I actually started writing today because I wanted to talk about the All Nite Werewolf Movie Marathon I attended at Pioneer Theater in the Lower East Side. From 9pm yesterday until 7 or 8am this morning, I sat and I watched. Six films.

So, considering this is the Saturday before Halloween - meaning, the last free night for most of us 9-5 working stiffs out there to get our groove thang on in the name of the Creepy Crawlies - I decided to get dressed up in a manner befitting a normal Halloween holiday. You know, I didn't want to show up in a t-shirt and pants and looking like an IDIOT! So, I wore:

My green Chilly Willy pajama bottoms
My big fuzzy gray wool socks
My brown sandals
My orange & white checkered collared shirt
My black and white 3 Stooges Tie
My green llama wool poncho
My light green knit cap
My $.99 oven mitt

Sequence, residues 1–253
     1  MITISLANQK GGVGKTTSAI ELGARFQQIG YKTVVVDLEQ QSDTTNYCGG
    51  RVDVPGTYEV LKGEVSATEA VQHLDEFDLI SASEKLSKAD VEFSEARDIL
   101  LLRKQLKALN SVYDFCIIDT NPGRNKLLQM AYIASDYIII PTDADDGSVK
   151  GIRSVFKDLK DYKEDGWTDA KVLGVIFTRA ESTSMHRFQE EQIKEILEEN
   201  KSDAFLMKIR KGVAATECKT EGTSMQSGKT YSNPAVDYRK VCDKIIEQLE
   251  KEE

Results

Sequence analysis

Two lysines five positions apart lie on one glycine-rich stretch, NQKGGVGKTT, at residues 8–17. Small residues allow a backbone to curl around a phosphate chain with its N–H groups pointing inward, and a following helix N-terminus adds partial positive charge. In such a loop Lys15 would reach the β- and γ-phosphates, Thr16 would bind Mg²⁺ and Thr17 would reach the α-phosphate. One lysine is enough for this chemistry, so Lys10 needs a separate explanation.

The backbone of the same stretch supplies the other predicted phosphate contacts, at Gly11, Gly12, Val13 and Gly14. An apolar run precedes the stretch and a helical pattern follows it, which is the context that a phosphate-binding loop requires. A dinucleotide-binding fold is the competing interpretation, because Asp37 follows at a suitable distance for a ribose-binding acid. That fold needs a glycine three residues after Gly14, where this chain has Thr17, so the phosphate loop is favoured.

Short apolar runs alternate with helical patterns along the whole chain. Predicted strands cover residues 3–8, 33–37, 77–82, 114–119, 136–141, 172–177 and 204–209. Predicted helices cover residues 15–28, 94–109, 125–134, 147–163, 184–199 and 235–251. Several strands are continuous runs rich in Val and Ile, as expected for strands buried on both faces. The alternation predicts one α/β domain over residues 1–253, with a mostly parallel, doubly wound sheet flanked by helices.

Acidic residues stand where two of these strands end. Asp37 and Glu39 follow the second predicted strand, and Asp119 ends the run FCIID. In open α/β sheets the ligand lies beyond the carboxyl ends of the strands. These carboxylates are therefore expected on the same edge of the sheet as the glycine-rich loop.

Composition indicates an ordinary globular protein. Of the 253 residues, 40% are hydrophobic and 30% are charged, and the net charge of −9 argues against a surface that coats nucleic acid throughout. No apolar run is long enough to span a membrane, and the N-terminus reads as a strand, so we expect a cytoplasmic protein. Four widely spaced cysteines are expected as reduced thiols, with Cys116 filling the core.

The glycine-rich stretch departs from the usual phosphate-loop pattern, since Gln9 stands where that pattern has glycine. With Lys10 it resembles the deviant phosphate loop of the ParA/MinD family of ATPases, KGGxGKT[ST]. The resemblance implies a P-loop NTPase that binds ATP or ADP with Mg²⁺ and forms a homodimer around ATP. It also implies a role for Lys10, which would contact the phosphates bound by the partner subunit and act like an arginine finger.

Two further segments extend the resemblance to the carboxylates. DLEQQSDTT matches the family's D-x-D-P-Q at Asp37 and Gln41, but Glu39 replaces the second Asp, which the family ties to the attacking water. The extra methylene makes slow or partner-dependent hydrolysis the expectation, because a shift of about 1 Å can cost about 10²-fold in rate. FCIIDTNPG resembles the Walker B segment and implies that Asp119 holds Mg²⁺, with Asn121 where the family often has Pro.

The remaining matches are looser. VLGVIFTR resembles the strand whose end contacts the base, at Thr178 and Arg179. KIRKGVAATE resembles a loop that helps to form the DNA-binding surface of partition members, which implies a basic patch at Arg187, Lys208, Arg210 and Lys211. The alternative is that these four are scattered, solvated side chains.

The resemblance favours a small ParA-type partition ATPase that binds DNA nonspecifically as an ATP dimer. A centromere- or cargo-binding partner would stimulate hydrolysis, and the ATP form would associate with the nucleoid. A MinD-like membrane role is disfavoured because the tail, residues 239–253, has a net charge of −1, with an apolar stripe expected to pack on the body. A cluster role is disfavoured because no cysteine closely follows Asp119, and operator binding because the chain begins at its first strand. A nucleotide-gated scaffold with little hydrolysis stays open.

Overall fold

My complimentary pair of 3-D glasses I got from this year's issue of the Sports Illustrated Swimsuit Edition
and My Geico draw-string backpack bag I got for free at this year's Bite of Seattle (which, at the end of the night, subsequently broke on me, thank you very much Geico)

Yeah, I was looking good and freakish on the LOOOONG ride from Astoria down to the Lower East Side. Which means - since I live in the blandest of the bland Astoria - that I was the ONLY good and freakish one riding the LOOOONG ride down. And, when I got to the theater, I was the ONLY one looking good and freakish in the theater (except for the guy who had regular clothes on and a werewolf mask on top of his head). Nice.

Where's the fucking Halloween Spirit, people??? I mean, I was surrounded by the film buff nerds I anticipated being surrounded by, but apparently they weren't the kind of risk-taking nerds who'd have the balls to wear Chilly Willy pajama bottoms with their Spongebob Squarepants Boxers on the OUTSIDE like I did!

And none of the movies we saw were in 3-D. And I didn't have a good explanation for my costume, so I started making things up (I'm an investment banker; I'm a wombat gynaecologist; I'm a corporate efficiency expert; I'm Superman's retarded cousin).